Convergence begins with a lovely horn theme, backed with the strings before turning a bit more nasty and combining the Malekith material, bits of Loki's material, and Thor's theme with orchestral and percussion outbursts.  Beginning of the End slowly simmers until the dissonant strings and brass enter.  The electric guitar of Malekith is split by a reference to Thor's theme.  The string ostinato of modern film scores appears and the action keeps moving, but rarely goes over the top.  Deliverance is a moving track, utilizing the slower Thor variation and the vocal soloist.  

Battle Between Worlds is the action cue that begins with a bang.  The momentum of the music keeps the track alive, with pounding percussion as the brass crescendos.  There are some brief moments of breathing space before it jumps back in.  The orchestra rises to the finish.  As the Hammer Falls builds to another version of the Thor theme.

Legacy features more slower-moving strings, reminding me of some of Howard Shore's Lord of the Rings music.  Thor's theme appears as the music seems uplifting before a reprise of Loki's theme in it's most majestic (if villainous) rendition.  Thor's theme gets the ultimate reprise with swirling strings and the choir as the album ends.  Basically a bonus track, the Marvel Studios Fanfare is brief logo music composed by Tyler, and used for the first time on this film.  It'll be nice to see (and hear) this updated logo for the upcoming Marvel films.  

Similar to Iron Man 3, the track titles seem fairly vague and don't give much away to the film.  Just like most Tyler albums, the album track order doesn't fit the film order, but doesn't change the overall flow.  I'm sure more adept listeners will be diligently putting the soundtrack in film order, so have fun.  If you enjoyed the main themes for this film, Tyler's Children of Dune (2003) might be on your mind as well.  Even the vocal soloist, Azam Ali, sang on that film.     

Tyler's Thor score is a nice followup to Doyle's score to Thor, while not embodying his themes or specific style.  If you had trouble keeping the similarly written themes apart, that doesn't change the listening experience.  The main theme is stronger than Tyler's for Iron Man 3 and certainly fits with the many heroic moments in the film.  There are many standout moments in the score and worth listening to if you aren't the ardent Tyler listener.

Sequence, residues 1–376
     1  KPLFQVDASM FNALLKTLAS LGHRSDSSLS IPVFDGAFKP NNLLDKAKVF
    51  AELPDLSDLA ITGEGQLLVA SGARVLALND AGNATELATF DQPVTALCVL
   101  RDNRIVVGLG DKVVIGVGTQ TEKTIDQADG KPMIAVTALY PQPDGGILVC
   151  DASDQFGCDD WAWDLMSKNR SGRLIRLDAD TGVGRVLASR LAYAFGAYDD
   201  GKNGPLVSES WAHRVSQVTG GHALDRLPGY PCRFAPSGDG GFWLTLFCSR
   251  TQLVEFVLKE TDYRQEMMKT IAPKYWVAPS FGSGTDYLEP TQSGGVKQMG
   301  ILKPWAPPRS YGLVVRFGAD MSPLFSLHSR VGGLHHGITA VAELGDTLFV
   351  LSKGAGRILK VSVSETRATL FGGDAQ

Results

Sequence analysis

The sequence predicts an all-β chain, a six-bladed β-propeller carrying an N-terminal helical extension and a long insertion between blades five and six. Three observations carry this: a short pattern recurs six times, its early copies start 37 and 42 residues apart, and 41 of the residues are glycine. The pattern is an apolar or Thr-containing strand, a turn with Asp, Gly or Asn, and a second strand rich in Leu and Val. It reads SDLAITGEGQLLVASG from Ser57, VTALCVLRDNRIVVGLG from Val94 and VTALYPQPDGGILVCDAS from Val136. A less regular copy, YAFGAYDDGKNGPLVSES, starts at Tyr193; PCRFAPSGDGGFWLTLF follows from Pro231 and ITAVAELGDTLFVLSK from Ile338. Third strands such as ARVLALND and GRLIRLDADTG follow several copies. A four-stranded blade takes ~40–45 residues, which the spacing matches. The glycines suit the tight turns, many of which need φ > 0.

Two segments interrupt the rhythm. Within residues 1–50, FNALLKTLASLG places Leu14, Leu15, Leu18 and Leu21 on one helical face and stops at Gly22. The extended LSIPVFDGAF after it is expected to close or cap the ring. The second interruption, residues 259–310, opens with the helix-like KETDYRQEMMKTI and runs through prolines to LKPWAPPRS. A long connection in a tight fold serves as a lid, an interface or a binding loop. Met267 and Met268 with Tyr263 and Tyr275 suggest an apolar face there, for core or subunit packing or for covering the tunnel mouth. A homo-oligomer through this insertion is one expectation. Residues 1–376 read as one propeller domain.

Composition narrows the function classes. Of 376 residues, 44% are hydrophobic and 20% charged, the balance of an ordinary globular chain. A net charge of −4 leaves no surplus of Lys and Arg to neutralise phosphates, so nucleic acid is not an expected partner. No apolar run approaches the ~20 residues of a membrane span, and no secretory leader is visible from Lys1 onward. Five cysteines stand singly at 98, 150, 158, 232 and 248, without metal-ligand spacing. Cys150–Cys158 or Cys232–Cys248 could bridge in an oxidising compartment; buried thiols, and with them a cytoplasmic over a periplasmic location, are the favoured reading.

Sunday, November 17, 2013

Marco Beltrami: The Intensity

Born in 1966 in New York, Marco Beltrami began his musical career by taking piano lessons at a young age.  He slowly began to make up his own music, or change the pieces he was supposed to be practicing.  He found his way into various rock bands in high school playing keyboard.

Instead of following his musical path, Beltrami entered Brown University to study urban planning.  While at Brown, Beltrami began experimenting with the school's electronic music studio and discovering all the techniques available with the 1980's synthesizers.  His compositions at the time were a combination of electronic styles and the 'traditional orchestra'.  After graduating from Brown, Beltrami traveled to Venice, Italy and studied with Luigi Nono, a prominent avant-garde composer.  In 1993, he won the Charles Ives Prize from the American Academy of Arts and Letters.  With that, he returned to the US and entered Yale University, writing concert works as a classical composer.

In 1992, Beltrami swapped coasts, and began a fellowship at University of Southern California (USC) with legendary composer Jerry Goldsmith.  His first glimpses of the film scoring business came with Goldsmith, as he learned the craft and artistry of the medium.  At the same time, Beltrami composed several commissions for various orchestras throughout the country.  He also started getting film work, including the short The Bicyclist (1995), cheap thrillers Death Match (1994) and The Whispering (1995).  He also worked on the television series Land's End (1995), composing the main titles and score.

In 1996, Beltrami's big break happened with Scream (1996).  Asked by director Wes Craven to score the opening scene, his take eventually led him to score the entire film.  Using his 20th century orchestral techniques, his music fit with the horror genre.  The film also led to larger films, many in the thriller/horror genres like Mimic (1997) the first with director Guillermo Del Toro, Scream 2 (1997) which featured tracked music by Danny Elfman and Hans Zimmer and adding music to Halloween H20: 20 Years Later (1998).  This same streak also led to him scoring The Faculty (1998).